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One hundred years ago, a bandleader named Polk Miller led an unusual recording session. Miller, who was white, laid down seven songs with a black vocal quartet. The recordings have now been reissued, offering a chance to listen to an almost unknown moment in musical history.

Joel Rose has this story of the recordings and Polk Miller, who was no civil rights activist.

JOEL ROSE: Engineers from the Edison company hauled their equipment from New Jersey to Richmond, Virginia, a big deal in 1909. There, they documented one of the first interracial recording sessions in American history.

(Soundbite of song, "Old-Time Religion")

Mr.�POLK MILLER (Singer): (Singing) It was good for my grandfather. It was good for my grandfather. It was good for my grandfather and it's good enough for me.

OLD SOUTH QUARTETTE (Singers): (Singing) The old-time religion, the old-time religion, the old-time religion is good enough for me.

ROSE: The leader was 65-year-old singer and banjo player Polk Miller.

Mr. KEN FLAHERTY (Record Collector): He put together the first truly integrated vocal band that was recorded.

ROSE: Record collector Ken Flaherty produced the CD reissue of these recordings. He says you'd have a hard time finding a more unlikely champion of African-American music than Polk Miller.

Mr. FLAHERTY: He glorified black music while at the same time wearing the stars and bars, standing up for the legacy of the Confederacy.

ROSE: Miller fought for the Confederacy in the Civil War. He even made his quartet accompany him on a Confederate marching song.

(Soundbite of song, "The Bonnie Blue Flag")

Mr.�MILLER: (Singing) Hurrah, hurrah for Southern rights, hurrah. Hurrah for the bonnie blue flag that bears a single star. Hurrah

OLD SOUTH QUARTETTE: (Singing) Hurrah, hurrah, for Southern rights, hurrah. Hurrah for the bonnie blue flag that bears a single star. Hurrah.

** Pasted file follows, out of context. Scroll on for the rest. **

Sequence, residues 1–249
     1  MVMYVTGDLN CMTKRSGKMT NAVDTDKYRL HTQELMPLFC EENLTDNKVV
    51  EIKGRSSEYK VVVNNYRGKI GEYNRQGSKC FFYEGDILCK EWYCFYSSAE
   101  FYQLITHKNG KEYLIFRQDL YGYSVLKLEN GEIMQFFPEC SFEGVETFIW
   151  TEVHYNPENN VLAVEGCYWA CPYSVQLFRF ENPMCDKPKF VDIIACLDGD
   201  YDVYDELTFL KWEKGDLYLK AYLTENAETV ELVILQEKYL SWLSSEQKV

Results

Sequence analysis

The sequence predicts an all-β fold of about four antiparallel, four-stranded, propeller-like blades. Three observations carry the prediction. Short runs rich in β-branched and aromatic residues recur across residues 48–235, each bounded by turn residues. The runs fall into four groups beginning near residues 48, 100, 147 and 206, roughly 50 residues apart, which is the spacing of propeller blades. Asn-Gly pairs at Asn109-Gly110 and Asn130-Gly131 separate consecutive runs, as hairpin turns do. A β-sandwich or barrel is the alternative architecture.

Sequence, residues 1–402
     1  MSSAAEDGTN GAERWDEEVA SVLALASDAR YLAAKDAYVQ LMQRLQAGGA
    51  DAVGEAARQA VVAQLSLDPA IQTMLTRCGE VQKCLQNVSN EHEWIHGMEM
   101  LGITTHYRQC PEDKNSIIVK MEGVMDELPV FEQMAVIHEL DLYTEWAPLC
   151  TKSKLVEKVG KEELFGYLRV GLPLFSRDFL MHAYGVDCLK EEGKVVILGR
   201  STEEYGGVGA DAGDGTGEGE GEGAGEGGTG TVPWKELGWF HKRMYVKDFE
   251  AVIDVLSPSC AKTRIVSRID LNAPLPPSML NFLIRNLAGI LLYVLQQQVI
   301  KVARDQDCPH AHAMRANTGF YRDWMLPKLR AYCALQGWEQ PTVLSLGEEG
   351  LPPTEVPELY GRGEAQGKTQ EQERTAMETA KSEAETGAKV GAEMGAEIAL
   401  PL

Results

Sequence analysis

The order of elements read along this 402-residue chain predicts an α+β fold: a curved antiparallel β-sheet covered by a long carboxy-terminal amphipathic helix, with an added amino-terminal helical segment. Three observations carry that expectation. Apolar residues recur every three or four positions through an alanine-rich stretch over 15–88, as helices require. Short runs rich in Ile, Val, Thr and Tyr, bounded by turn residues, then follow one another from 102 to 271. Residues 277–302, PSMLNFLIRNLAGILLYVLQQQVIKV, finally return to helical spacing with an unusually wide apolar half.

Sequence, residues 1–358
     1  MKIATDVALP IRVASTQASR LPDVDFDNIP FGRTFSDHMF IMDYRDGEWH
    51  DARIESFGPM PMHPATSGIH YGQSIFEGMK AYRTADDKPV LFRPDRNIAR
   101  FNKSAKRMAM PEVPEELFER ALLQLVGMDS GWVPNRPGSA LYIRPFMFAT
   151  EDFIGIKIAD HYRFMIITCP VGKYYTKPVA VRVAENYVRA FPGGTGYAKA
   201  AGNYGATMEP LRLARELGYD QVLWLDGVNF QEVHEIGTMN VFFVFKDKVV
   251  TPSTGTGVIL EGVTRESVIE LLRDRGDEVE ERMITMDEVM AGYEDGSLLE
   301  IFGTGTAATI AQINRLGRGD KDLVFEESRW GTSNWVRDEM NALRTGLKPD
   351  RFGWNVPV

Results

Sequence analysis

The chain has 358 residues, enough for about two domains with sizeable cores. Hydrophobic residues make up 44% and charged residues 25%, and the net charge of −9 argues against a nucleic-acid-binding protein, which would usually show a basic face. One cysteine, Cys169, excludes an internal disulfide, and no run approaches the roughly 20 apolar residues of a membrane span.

ROSE: Polk Miller grew up on his father's plantation in Virginia, where he learned how to play banjo from listening to slaves. He made a fortune in the pharmacy business after the war. In the 1890s, when he was in his 50s, Miller handed the business over to his son and went back to his first love: African-American music. Ken Flaherty says he took it seriously.

Mr. FLAHERTY: Nobody at the time was really trying to collaborate with blacks. I mean, it was unheard of. It was all cake-walking. It was minstrel-singing. It was, you know, blackface comedy.

ROSE: Miller didn't play black music and culture for laughs, as most white performers did at the time. Tim Brooks is the author of the book "Lost Sounds: Blacks and the Birth of the Recording Industry." He says Miller's performances were an anomaly.

Mr.�TIM BROOKS (Author, "Lost Sounds: Blacks and the Birth of the Recording Industry): He was the leader. And he would play a song. He would have the quartet sing a song and then he'd talk about it and where this song came from. So, it was a combination of entertainment and education, I guess you would say.

(Soundbite of song, "Jerusalem Mournin")

Mr.�MILLER: (Singing) And youre told about Jerusalem mournin. He asked the lord.

OLD SOUTH QUARTETTE: (Singing) He asked the lord.

Mr.�MILLER: (Singing) And youre talking about Jerusalem mournin.

OLD SOUTH QUARTETTE: (Singing) He asked the lord.

Mr.�MILLER: (Singing) For the (unintelligible) in the lions den.

OLD SOUTH QUARTETTE: Yes, brother.

Mr.�MILLER: (Singing) His head on (unintelligible) colored men.

OLD SOUTH QUARTETTE: (Singing) What did he say?

ROSE: The act was a hit, in part because of the endorsement of Miller's friend, Mark Twain. Producer Ken Flaherty says the group tours widely.

Mr.�FLAHERTY: These guys played Carnegie Hall. They played all the big cities, you know, Cleveland, Cincinnati, Louisville, Detroit. They were immensely popular and some of the tickets, I have receipts from the 1890s that were 50 cents a person to get in, which was a considerable amount of money at the time.

ROSE: Still, Polk Miller did not use his platform to call for black equality. On the contrary, Miller used the N-word frequently. He was openly nostalgic for the days of slavery. Nevertheless, author Tim Brooks says Miller did future generations a favor.

Mr. BROOKS: He was preserving what this music, this culture of black America, was really like and what it sounded like in the 1840s and 1850s, when he had been growing up. No one else was doing that.

ROSE: Polk Miller broke up his quartet in 1911, when he decided it was too dangerous to keep touring with an interracial group. Miller died two years later. The music they recorded in 1909 fell out of print for most of the 20th century.

While Miller has been rediscovered, his vocalists remain largely anonymous. Out of the 20 or so singers who worked with him in the Old South Quartette over the years, only two have ever been identified by name: Randall Graves and James Stamper.

For NPR News, I'm Joel Rose.

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